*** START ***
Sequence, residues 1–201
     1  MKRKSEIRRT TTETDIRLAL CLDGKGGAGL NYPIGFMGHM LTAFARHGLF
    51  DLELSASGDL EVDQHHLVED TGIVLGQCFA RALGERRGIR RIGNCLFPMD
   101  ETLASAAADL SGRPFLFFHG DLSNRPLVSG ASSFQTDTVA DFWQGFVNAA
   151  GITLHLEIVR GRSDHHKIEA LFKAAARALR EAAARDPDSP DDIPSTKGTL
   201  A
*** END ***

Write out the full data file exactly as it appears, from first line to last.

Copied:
Sequence, residues 1–201
     1  MKRKSEIRRT TTETDIRLAL CLDGKGGAGL NYPIGFMGHM LTAFARHGLF
    51  DLELSASGDL EVDQHHLVED TGIVLGQCFA RALGERRGIR RIGNCLFPMD
   101  ETLASAAADL SGRPFLFFHG DLSNRPLVSG ASSFQTDTVA DFWQGFVNAA
   151  GITLHLEIVR GRSDHHKIEA LFKAAARALR EAAARDPDSP DDIPSTKGTL
   201  A